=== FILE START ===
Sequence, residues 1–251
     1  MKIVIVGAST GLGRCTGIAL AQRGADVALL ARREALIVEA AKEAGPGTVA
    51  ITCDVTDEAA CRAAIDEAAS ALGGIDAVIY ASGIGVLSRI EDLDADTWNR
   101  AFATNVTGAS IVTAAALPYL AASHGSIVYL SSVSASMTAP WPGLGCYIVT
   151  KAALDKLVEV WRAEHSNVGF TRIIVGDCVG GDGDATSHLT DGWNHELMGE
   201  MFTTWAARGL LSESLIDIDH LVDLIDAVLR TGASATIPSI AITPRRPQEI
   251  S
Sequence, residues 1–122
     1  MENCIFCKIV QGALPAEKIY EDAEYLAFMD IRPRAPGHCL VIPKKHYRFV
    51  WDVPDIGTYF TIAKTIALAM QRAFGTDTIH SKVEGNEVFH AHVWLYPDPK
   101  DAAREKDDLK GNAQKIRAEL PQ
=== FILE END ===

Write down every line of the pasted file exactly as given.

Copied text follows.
Sequence, residues 1–251
     1  MKIVIVGAST GLGRCTGIAL AQRGADVALL ARREALIVEA AKEAGPGTVA
    51  ITCDVTDEAA CRAAIDEAAS ALGGIDAVIY ASGIGVLSRI EDLDADTWNR
   101  AFATNVTGAS IVTAAALPYL AASHGSIVYL SSVSASMTAP WPGLGCYIVT
   151  KAALDKLVEV WRAEHSNVGF TRIIVGDCVG GDGDATSHLT DGWNHELMGE
   201  MFTTWAARGL LSESLIDIDH LVDLIDAVLR TGASATIPSI AITPRRPQEI
   251  S
Sequence, residues 1–122
     1  MENCIFCKIV QGALPAEKIY EDAEYLAFMD IRPRAPGHCL VIPKKHYRFV
    51  WDVPDIGTYF TIAKTIALAM QRAFGTDTIH SKVEGNEVFH AHVWLYPDPK
   101  DAAREKDDLK GNAQKIRAEL PQ